Seven Simple Suggestions for Success

“Be like a five-year-old. Never stop asking what and why.” -Shawn Langwell

The following is an excerpt from Chapter 23, The Power of Association and Perpetual Curiosity of Ten Seconds of Boldness.

1. ABC — Always be Curious. Never stop learning about ways to improve or seeking out others who have what you want. Be bold and ask questions. You will be amazed at how many people love to talk about themselves if they think they will help you. Seriously.

2. Don’t be afraid to ask for help. It’s okay to say, “I don’t know.” Don’t be shy about saying what your purpose is or afraid to ask for help. Most people enjoy helping someone who is passionate. Be passionate.

3. Associate with “winners.” Be around people who are where you want to be, or have the success you’d like, and gather input from them. Take a page out of Coach Lavin’s book and spend time immersed in the environment you think you want to be in.

4. Do what it takes to live your dream.

5. Never lose sight of your why. Your enthusiasm and passion alone will open doors of opportunity and help you. Let your why shine bright.

6. Be bolder.

7. Never give up on yourself.

Seek. Ask. Find.

Learn, practice, and fail fast. As you do, your confidence will grow.

Here’s what some of those tips look like on a practical level:

If you want to be _______, read, and seek out material and people who can help. Ask for help. Associate with them. Learn, practice, and fail fast. As you do, your confidence will grow.

Want to become better? Hire a coach, therapist, or trainer, find a mentor, or register for a seminar or school to learn from experts.

Even experts have opinions, and sometimes getting advice from too many sources creates more confusion because you are not confident about whose advice you should trust or follow.

I find it is more efficient to first get an idea of what I think I want, then ask others who have either already accomplished that goal or who may offer me some insight to point me in the right direction. But be careful who you ask. Even experts have opinions, and sometimes getting advice from too many sources creates more confusion because you are not confident about whose advice you should trust or follow.

The same thing can easily happen when surfing the web, and trying to find accurate advice or information from a reputable source. Even if the source is reliable, you will not always find a singular right answer. Unless it’s math, there usually isn’t one. So, it’s going to take some trial and error. The point is don’t expect to do it all yourself or become self-made.

Photo by Westwind Air Service on Unsplash


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If you like what you’ve read, please share it.

The longer I live the more I realize how tenuous our time is on this planet. The more we connect, collaborate, and share what’s working and what’s not with each other, the more apt we are to live happier, healthier, and richer lives.

Here’s to your success, whatever that means to you. 

Getting Honest About Imposter Syndrome: How to Push Through Fear to Do it Anyway

If you ever doubt or second guess yourself and feel like an imposter, you need to read this…

Getting stuck in our heads and second-guessing our decisions is painful, especially as I did yesterday. The day started out fine. I woke up early after only getting four hours of sleep, chugged three cups of coffee, then started practicing the narration for my audiobook.

I got a big slice of humble pie out of the gate and wanted to quit!

Let’s back up a second to the first two times I went into the vocal booth. I showed up, unprepared and it showed. I know it was my first time, but I got a big slice of humble pie out of the gate and wanted to quit!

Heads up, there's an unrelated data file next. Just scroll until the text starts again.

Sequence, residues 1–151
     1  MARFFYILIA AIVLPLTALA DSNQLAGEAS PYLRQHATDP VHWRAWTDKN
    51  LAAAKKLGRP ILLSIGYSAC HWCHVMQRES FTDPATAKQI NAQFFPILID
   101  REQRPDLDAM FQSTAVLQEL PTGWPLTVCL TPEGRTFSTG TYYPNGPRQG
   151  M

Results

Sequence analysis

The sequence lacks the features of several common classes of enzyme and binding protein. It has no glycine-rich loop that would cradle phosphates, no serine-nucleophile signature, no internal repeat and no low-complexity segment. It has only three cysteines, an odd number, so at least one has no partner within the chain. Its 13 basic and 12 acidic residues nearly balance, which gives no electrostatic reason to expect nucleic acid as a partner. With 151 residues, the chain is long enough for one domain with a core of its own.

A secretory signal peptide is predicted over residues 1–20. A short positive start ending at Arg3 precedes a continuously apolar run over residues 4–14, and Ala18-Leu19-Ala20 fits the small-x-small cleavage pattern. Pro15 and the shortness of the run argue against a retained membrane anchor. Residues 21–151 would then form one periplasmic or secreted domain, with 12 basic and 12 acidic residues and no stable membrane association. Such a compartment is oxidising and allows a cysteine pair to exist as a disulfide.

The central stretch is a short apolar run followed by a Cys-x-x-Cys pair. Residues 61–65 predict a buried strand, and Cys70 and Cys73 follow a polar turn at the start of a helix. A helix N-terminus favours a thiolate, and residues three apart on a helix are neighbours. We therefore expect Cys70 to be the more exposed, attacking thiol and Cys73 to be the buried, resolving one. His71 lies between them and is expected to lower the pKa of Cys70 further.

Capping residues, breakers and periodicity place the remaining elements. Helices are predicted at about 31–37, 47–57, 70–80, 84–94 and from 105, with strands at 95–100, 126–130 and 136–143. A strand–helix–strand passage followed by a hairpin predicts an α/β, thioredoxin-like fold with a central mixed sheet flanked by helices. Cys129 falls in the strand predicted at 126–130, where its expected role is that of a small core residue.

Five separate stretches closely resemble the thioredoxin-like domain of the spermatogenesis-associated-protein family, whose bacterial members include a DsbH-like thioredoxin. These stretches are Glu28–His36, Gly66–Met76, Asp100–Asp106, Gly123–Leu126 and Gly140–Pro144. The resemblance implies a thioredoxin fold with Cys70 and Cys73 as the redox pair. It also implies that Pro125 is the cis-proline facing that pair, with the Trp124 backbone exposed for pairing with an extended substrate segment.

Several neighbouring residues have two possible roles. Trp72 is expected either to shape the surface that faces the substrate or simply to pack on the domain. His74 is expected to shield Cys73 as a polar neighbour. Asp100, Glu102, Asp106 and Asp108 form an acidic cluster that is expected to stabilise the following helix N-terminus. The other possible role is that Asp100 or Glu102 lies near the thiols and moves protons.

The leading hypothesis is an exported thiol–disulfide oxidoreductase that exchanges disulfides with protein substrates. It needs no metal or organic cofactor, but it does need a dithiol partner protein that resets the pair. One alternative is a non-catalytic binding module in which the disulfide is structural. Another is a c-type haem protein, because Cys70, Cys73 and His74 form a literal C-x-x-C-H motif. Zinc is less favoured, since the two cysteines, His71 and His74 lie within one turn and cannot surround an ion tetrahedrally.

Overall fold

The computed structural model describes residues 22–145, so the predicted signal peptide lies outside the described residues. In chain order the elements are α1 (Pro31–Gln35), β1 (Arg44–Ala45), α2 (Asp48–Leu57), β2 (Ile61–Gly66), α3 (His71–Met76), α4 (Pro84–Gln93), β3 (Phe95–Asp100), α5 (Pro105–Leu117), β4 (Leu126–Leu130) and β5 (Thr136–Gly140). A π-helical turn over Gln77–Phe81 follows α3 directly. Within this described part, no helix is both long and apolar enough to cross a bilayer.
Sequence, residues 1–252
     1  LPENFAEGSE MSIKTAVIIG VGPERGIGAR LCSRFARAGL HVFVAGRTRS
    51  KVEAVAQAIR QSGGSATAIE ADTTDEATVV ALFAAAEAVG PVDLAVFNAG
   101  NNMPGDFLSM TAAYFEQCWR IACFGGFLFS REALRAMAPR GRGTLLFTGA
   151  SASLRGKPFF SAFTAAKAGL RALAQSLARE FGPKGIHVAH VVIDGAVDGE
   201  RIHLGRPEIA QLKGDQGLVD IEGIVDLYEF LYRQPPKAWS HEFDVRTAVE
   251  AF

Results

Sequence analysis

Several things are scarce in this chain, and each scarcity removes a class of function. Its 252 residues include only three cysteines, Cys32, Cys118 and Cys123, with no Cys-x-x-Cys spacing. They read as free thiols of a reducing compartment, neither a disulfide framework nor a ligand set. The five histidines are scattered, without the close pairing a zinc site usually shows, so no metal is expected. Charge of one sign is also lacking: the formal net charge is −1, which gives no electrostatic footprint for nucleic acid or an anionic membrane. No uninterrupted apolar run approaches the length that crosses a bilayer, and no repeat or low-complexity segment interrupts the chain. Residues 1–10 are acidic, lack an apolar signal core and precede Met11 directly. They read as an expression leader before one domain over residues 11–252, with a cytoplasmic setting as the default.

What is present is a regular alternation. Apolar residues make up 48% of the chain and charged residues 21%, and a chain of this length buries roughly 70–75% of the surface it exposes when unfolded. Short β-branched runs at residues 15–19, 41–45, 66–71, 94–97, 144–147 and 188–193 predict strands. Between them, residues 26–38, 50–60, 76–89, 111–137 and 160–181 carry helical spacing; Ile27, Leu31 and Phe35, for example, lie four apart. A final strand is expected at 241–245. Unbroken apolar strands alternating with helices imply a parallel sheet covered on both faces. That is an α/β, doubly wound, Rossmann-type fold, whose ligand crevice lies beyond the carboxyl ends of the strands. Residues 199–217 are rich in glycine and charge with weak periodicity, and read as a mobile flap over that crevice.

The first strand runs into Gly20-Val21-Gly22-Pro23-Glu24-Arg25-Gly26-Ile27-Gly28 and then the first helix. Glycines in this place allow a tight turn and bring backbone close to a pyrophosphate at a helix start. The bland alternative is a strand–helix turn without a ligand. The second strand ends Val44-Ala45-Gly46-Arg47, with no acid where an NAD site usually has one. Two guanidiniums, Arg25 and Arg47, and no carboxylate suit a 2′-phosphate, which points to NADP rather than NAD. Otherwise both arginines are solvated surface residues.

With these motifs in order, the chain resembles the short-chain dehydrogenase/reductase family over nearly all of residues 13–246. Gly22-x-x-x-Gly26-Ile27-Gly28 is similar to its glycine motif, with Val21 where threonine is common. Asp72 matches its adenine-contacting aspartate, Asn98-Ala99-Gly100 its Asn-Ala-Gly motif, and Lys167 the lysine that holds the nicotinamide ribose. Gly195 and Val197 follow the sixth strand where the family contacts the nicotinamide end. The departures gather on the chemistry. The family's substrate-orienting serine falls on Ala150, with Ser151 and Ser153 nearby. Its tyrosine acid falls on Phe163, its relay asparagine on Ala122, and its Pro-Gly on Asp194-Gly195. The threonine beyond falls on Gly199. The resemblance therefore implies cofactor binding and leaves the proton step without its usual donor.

I thought I could be perfect the first time out.

I sucked and felt like an imposter. Most of us do, anytime we try something new. It’s normal to feel awkward or uncomfortable but I thought I could be perfect the first time out. What a joke! Nobody is. EVER!

But therein lies the root cause of my insecurities—I thought I could, even expected it.

I am glad I hired professionals to help because on my own I probably would throw in the towel. But I had made a financial commitment and now I had to honor it.

“you need to rehearse this — BEFORE recording,” the director said.

She was right. In my mind, before I started the first two narration sessions, I thought, why do I need to practice, I wrote the damn book?

How egotistical is that?

That I should know how to do something new immediately. That I believe I am somehow unique and “should be able to know it after the first try”. Bullshit. Who am I kidding? Apparently, only myself.

Here’s the irony: The title of the book is Ten Seconds of Boldness: The Essential Guide to Solving Problems and Building Self-Confidence.

For the third session after a good night’s sleep and practice, I entered the vocal booth and immediately connected with the material. I walked away feeling proud of what I had just done.

That’s the good news. Fast forward to my two sessions yesterday, after only getting four hours of sleep.

After I woke up I got to practicing, reading out loud the chapters I was to narrate later that morning.

I delivered my lines with passion, energy, and enthusiasm. I enunciated clearly, with plenty of emphasis on all the right phrases, and kept my tone conversational, etc.

After two practice runs I was ready to enter the studio. Now in the tiny vocal booth, after all the prechecks, I began to read.

I sounded like an apathetic customer service rep for a funeral home.

You know where this is going, right?

As I began to speak, I felt my gut and throat tighten. My brain felt like those cartoon characters that hit a brick wall. The words were hollow, with no emotion, no connection. I sounded like an apathetic customer service rep for a funeral home.

Within thirty seconds of starting, the director interrupted and asked, “who are you talking to?” I waited. And waited. I didn’t know.

“Myself,” I finally responded.


“I am talking to the older version of myself. The one I don’t want to be like anymore.”

My brain froze—information overload.

In theory that is true, but with all the input of how to say what I want to say, and who I want to say it to, and reading with energy, and, and, and…well you get the idea. My brain froze—information overload. Complete mental meltdown.

I wanted to curl up in that tiny vocal book and cry. It literally sucked! I have not felt that small and inadequate since the last time. So much for my own Ten Seconds of Boldness, what a fraud, or so I thought.